The thing we should be looking at to expand wrestling is TV and Internet. How many times do you want to watch a dual meet and the Big Ten network isn't covering b/c they have to cover every single baseketball game or talk off season football nonsence, and if there is a match on it's tuesday at 2pm and the student anouncers have no idea what they are talking about.

How about the NWCA throw alittle money at ESPN and have them nationally broadcast a dual meet. I am sure they have some time slots available on Sunday since billiards on ESPN2 takes up most of the afternoon. Look at how much Flowrestling has changed the sport. We need to make it easier for people to get information and fotage of the matches.

The NWCA needs to refocus their approach, instead of wrestling more matches use the regular season to get national publisity for matches.

But what would I know I am just a wrestling fan, coach, and former wrestler.
wirehair (1) about 8 and a half years ago
ptgaurd 5 I realized my mistake when I went back and read it so thanks. Also you need to work on your spelling and use your spell check on your computer. You'd think if you were going to insult someone you'd at least make sure you didn't mess anything up in your post. Haha. Also I was stating facts and asking questions not being critical. You are a moron if you think he's irresponsible. FACT. The other questions are meant to be answered and obviously you have none.

As far as all you Iowa fans whining about the unfair coverage get over it. The two scenarios are totally different. This is a whole new format they are trying this year. I for one am not a fan of it. The traveling doesn't make much sense to me. Take for instance MN, they are out at Rutgers. How many MN fans will make that trip. If Iowa or OK ST were out there I would ask the same. They might a the hard core fans to make that trip but you're not going to get the average fan. If they have the final four at UNI like always then why would the midwest fans of Iowa, OK ST, and MN choose to go out east one weekend when they could save some money and make a trip to Iowa instead?
chocell (1) about 8 and a half years ago
Andrew, very nice article. You definetely made some valid points. There's more than one way to skin a cat. I am disappointed that Penn State is not participating, but I can understand why. This is not a good time to do the national duals. I'd like to see them closer to the beginning of the season - a great way to kick it all off.
marty (1) about 8 and a half years ago
This isn't the only thing Caels not doing to help the sport. Penn State home matchs are held in the Rat Hole Rec Hall. They could be in the Bryce Jordan Center and nearly twice the people could attend and enjoy a comfortable venue with good parking and access. Sanderson wants the small confines of ancient Rec Hall for team advantage. Its unbeleivable that they would deny thousands of people the opportunity to attend a PennState vs Iowa match ! Get your act together Penn State and let wresling fans participate !!!!!!!!!!!!
martin5-01 (1) about 8 and a half years ago
How does the National Dual help struggling programs?
jaybird (1) about 8 and a half years ago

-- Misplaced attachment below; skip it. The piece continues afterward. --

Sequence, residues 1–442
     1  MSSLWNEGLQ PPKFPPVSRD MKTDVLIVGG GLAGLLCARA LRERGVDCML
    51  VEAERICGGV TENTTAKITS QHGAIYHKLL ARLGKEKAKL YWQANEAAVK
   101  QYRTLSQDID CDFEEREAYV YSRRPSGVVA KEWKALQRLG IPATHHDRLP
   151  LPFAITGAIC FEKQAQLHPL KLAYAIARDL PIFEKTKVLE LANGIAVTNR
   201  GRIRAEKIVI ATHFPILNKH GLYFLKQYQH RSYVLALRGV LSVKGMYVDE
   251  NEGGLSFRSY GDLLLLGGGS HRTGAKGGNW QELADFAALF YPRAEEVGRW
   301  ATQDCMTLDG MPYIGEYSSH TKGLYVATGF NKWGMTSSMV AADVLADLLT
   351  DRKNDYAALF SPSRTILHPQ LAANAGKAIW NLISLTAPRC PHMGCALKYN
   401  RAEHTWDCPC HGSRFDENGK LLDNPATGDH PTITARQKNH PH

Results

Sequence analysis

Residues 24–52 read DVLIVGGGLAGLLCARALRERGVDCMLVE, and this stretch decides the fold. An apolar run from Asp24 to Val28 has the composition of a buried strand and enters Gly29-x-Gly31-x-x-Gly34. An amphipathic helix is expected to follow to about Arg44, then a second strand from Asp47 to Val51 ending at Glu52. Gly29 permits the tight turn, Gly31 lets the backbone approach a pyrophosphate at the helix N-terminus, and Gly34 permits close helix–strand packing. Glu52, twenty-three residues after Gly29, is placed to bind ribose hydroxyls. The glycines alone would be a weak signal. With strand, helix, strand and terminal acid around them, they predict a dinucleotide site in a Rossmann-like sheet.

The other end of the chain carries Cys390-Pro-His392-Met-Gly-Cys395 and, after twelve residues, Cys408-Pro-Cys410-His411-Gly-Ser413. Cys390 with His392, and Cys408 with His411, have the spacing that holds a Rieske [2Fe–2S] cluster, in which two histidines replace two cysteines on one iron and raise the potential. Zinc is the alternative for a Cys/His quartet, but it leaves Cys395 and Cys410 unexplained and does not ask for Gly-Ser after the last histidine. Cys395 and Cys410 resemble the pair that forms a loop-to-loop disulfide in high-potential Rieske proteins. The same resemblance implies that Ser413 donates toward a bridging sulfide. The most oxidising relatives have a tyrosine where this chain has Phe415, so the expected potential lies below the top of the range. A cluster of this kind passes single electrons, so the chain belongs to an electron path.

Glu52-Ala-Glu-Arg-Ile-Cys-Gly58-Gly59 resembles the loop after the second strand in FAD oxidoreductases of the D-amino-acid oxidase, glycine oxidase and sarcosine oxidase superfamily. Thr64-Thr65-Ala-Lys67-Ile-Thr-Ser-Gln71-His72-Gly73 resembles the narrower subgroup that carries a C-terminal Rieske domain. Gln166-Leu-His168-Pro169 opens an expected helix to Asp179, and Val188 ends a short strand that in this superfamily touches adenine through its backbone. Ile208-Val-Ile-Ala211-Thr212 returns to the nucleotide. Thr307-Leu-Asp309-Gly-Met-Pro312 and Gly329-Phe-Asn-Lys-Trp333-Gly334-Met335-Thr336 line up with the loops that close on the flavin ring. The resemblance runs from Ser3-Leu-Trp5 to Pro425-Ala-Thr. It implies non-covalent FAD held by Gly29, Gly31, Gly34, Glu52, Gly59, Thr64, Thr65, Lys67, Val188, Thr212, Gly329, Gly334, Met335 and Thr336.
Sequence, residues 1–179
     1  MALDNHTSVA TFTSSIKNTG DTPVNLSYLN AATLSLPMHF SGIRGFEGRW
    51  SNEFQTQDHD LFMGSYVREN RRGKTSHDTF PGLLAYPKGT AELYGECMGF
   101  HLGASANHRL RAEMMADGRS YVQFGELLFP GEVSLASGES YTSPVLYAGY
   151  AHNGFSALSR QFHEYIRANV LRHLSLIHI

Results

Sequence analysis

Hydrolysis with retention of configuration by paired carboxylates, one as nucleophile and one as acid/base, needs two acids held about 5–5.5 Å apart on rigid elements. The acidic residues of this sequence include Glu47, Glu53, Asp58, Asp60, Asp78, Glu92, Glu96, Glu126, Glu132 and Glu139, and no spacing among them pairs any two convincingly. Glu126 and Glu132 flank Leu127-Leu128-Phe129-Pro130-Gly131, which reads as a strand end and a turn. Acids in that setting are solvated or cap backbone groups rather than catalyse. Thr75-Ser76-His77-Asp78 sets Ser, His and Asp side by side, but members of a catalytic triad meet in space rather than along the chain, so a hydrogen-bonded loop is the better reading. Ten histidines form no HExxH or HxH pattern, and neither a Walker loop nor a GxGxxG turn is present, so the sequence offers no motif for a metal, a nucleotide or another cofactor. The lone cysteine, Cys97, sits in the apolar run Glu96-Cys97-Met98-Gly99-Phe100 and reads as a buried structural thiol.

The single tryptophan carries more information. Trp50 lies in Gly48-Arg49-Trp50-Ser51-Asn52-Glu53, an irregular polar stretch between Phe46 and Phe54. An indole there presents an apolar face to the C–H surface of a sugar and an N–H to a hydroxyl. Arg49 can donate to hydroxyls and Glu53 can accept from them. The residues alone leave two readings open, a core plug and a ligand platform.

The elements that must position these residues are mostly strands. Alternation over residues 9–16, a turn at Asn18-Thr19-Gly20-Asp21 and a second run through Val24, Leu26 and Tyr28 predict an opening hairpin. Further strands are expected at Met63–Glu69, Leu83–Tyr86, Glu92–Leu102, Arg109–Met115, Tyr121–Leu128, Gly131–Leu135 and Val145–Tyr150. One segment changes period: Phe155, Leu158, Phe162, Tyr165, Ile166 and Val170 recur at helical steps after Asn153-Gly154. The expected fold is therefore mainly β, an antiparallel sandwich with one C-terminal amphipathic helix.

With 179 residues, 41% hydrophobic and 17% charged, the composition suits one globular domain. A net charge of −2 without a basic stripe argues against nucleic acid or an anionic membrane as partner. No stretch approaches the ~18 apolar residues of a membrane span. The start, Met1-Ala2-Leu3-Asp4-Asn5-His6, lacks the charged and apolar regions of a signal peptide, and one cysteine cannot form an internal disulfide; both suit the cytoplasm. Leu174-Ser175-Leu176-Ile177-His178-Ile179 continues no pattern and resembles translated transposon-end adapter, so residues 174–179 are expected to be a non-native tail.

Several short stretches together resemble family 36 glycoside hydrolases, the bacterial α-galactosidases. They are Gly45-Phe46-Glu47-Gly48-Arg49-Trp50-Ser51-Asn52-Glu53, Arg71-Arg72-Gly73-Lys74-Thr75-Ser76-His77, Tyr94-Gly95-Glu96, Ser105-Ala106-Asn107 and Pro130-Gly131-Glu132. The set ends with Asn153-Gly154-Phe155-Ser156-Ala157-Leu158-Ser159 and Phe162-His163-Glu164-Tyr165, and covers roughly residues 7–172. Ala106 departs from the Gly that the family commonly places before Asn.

The real problem with college wrestling is it is for the most part not very exciting to watch. Change the rules to be more like freestyle and I would bet the attendance would go up across the board. There is nothing exciting about watching someone get rode for 2 or 3 minute and stalling is never call but is very prevalent in most matches. I absolutely love the sport. But folkstyle and college rules are killing it. If cael doesn't want his team to go , so what.
nittany74 (1) about 8 and a half years ago
Marty, have you ever been in Rec Hall? It's most certainly not a "rat hole." It is a lovely old, quaint building that is an awesome venue for wrestling. As for the choice not to use Bryce Jordan, I'm sure that's coming in the near future. Right now, PSU packs 6,500 fans into Rec Hall, and it's a thrilling place to watch wrestling. But if you put 6,500 or even 7,500 into Bryce Jordan (capacity 16,000), they would just rattle around in the place. I think you'll see wrestling in Bryce Jordan in another year or two--when enthusiasm builds to where a meet can draw at least 12,000. If you're down on Penn State, do you really think those greedy Nittany Lions wouldn't want the money that will come from 12-16K fans?
sandbergpete (1) about 8 and a half years ago
In my opinion, PSU ducked the national duals just so they could, very selfishly, do their peak for NCAAs without having to expose themselves any more than absolutely necessary to the top teams. Sure it might be best for the Sandersons and their team in the short run and sure their obligation is to their team. But, they lost the high ground on that one with the way they treated Iowa State and I lost all respect for Sanderson and brothers over that scenario.

The best planned their schedule for the duals and it's really the best peaking plan they could have. Minnesota looked their best because they took time to make this work, and the rest of the schedule will let them build even more, win or lose at the Final Four.

Hopefully J Robinson, John Smith, Tom Brands, Mark Manning, Brian Smith, Rob Koll and all the others will, in Coach Sanderson's words."...keep dinking around with the national duals" while PSU sits in a lonely gym with all their friends.

Again, this is my opinion and I'm not an anonymous person sitting in the basement. Pete Sandberg, Northfield MN.